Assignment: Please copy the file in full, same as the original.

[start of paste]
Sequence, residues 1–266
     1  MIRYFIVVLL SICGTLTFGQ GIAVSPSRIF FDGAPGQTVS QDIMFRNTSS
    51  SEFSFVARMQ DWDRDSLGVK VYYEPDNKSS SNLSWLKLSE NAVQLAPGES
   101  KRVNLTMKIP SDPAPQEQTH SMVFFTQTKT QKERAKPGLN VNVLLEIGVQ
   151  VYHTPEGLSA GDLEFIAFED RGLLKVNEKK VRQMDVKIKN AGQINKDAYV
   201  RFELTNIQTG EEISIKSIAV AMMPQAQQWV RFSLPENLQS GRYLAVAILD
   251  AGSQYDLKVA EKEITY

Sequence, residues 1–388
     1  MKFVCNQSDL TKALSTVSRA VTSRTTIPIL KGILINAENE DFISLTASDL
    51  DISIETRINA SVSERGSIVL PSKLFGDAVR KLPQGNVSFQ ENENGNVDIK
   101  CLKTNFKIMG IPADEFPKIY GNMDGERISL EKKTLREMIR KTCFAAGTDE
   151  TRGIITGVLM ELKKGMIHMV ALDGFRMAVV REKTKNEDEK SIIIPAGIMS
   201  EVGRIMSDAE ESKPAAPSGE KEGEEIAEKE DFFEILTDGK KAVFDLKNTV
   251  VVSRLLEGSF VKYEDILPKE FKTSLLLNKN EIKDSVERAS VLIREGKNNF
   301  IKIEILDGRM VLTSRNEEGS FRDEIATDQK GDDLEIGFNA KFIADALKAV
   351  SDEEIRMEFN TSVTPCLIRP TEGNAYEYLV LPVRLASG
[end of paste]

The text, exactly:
Sequence, residues 1–266
     1  MIRYFIVVLL SICGTLTFGQ GIAVSPSRIF FDGAPGQTVS QDIMFRNTSS
    51  SEFSFVARMQ DWDRDSLGVK VYYEPDNKSS SNLSWLKLSE NAVQLAPGES
   101  KRVNLTMKIP SDPAPQEQTH SMVFFTQTKT QKERAKPGLN VNVLLEIGVQ
   151  VYHTPEGLSA GDLEFIAFED RGLLKVNEKK VRQMDVKIKN AGQINKDAYV
   201  RFELTNIQTG EEISIKSIAV AMMPQAQQWV RFSLPENLQS GRYLAVAILD
   251  AGSQYDLKVA EKEITY

Sequence, residues 1–388
     1  MKFVCNQSDL TKALSTVSRA VTSRTTIPIL KGILINAENE DFISLTASDL
    51  DISIETRINA SVSERGSIVL PSKLFGDAVR KLPQGNVSFQ ENENGNVDIK
   101  CLKTNFKIMG IPADEFPKIY GNMDGERISL EKKTLREMIR KTCFAAGTDE
   151  TRGIITGVLM ELKKGMIHMV ALDGFRMAVV REKTKNEDEK SIIIPAGIMS
   201  EVGRIMSDAE ESKPAAPSGE KEGEEIAEKE DFFEILTDGK KAVFDLKNTV
   251  VVSRLLEGSF VKYEDILPKE FKTSLLLNKN EIKDSVERAS VLIREGKNNF
   301  IKIEILDGRM VLTSRNEEGS FRDEIATDQK GDDLEIGFNA KFIADALKAV
   351  SDEEIRMEFN TSVTPCLIRP TEGNAYEYLV LPVRLASG